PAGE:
2019-05-06 MDB Reflection- Paula Trepman
As she moved towards the exam table, the doctora gently requested “Abra la boca.” With assistance of her penlight and gloves, she carefully traced over every surface of the patient’s mouth. I was puzzled; I had never seen an Ob/Gyn examine the inside of a patient’s mouth during a prenatal visit. Later when I asked her why, she mentioned the association between cavities and pre-eclampsia, a hypertensive disorder of pregnancy that was highly prevalent in Riobamba, Ecuador. The doctora's attention to physical exam proved to be essential to caring for her patients: later that day, a 27 year old woman who was 2 months postpartum with no risk factors for breast cancer was found to have bilateral breast masses.
When the doctora wrote up the plan in her chart, there was a 20-item plan for every prenatal care visit, from dental screening to “psicoprophylaxis,” classes to prepare women mentally, physically, and emotionally for childbirth. In fact, I later learned that it was the responsibility of the physicians to make sure the patients attended a minimum of five prenatal care visits. In order to ensure this number was met, physicians would record the addresses of patients and perform home visits when needed.
While the methods of fetal monitoring were similar to the US—fetal heart rate, frequency and intensity of contractions, and if the mother felt fetal movements—there was one noticeable difference: the lack of technology. The majority of women admitted to Stanford’s labor and delivery service are put on continuous monitoring, but the Hospital General had only one monitor available for the entire floor of 30-40 women. So instead, we rotated from patient to patient with the fetal heart rate monitor throughout each shift. This experience provided hands-on practice with abdominal exams of pregnant women and significantly improved my ability to discern the difference between the fetal head, buttocks, and hands and feet, as well as to estimate the lie (cephalic versus breech) based on my exam. Additionally, we palpated the abdomen for 10 minutes and measured the number and duration of contractions, which in my prior rotations, was all performed by monitors. It seems basic, but spending a full 10 minutes examining the patient not only deepened my understanding of uterine physiology and labor on a fundamental level, it also provided me time to learn from my patients, understanding what the contractions felt like to them, how long they had been in labor, and what they were most concerned about.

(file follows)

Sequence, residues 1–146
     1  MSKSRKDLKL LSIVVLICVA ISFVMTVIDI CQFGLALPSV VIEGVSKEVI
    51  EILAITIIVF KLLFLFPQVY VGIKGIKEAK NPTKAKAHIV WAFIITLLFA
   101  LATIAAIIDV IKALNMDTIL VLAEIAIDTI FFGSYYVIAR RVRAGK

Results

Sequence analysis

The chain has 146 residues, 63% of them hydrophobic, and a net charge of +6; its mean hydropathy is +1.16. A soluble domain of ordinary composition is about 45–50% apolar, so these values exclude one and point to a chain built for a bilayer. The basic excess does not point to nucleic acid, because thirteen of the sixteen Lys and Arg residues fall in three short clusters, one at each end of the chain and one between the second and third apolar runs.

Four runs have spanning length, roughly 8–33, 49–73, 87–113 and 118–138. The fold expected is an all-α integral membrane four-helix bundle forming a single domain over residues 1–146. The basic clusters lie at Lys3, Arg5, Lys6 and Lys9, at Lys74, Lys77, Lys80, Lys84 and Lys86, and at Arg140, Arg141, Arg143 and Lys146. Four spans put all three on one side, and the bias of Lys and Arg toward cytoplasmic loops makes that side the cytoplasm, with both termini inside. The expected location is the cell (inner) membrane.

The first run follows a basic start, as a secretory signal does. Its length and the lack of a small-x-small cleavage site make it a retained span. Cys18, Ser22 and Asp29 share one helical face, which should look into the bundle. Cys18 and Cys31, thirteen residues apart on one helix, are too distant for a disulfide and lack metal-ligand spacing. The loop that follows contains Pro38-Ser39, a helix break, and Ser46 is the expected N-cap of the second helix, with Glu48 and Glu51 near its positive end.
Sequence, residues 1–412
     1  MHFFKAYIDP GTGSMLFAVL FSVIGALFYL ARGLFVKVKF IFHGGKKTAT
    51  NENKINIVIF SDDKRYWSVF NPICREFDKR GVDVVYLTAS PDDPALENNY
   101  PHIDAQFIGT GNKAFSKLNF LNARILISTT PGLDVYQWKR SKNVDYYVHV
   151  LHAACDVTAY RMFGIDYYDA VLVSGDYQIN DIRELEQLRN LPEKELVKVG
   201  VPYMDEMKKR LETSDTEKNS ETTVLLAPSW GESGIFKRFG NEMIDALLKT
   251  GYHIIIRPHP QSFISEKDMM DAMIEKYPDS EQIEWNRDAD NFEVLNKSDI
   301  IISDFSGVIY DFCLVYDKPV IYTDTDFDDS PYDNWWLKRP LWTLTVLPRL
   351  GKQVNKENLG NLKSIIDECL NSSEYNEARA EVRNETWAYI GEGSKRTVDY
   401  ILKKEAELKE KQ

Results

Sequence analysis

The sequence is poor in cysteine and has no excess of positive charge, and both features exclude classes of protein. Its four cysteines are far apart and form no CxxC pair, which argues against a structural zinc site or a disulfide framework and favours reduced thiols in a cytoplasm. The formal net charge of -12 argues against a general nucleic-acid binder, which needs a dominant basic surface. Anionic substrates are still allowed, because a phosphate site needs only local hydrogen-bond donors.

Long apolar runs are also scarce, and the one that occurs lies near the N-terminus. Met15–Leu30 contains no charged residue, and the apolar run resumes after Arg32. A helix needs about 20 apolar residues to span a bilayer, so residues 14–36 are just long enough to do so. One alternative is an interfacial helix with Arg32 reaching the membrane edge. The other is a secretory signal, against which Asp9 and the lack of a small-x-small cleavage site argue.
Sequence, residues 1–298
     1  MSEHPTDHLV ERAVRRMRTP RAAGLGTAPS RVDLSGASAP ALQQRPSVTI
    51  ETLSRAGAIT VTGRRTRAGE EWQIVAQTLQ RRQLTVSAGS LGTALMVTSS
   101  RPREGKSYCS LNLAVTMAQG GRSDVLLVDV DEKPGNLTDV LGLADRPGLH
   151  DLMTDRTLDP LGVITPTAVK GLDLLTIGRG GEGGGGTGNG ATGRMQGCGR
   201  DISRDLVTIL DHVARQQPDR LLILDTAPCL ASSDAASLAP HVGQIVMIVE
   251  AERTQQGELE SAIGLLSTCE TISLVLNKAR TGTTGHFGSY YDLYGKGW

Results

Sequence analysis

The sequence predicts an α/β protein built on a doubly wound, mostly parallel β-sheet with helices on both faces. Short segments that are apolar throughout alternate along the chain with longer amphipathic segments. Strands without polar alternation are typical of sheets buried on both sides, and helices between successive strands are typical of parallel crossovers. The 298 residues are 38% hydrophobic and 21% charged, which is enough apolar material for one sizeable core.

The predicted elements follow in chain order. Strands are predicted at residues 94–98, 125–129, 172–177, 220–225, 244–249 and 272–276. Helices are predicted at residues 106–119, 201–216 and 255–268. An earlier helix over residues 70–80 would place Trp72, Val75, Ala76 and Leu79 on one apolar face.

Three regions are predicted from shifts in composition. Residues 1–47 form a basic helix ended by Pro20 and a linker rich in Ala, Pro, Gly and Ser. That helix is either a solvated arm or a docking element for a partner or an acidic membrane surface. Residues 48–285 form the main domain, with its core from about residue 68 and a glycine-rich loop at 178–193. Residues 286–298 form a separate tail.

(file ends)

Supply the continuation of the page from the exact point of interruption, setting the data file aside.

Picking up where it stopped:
While the Hospital General had significantly less technology than Stanford’s hospital, I left my experience in Ecuador inspired and impressed by the thoroughness of the clinicians I worked with and the strength of public health systems in place. Though Silicon Valley often boasts the benefits of artificial intelligence in medicine and deep learning algorithms, my time in Ecuador reminded me that sometimes the simplest actions, like a brief breast exam, can be the most powerful.
Paula Trepman is a 4th year Stanford medical student.
Her rotation in Ecuador was supported by the Mary Duke Biddle Scholars Program.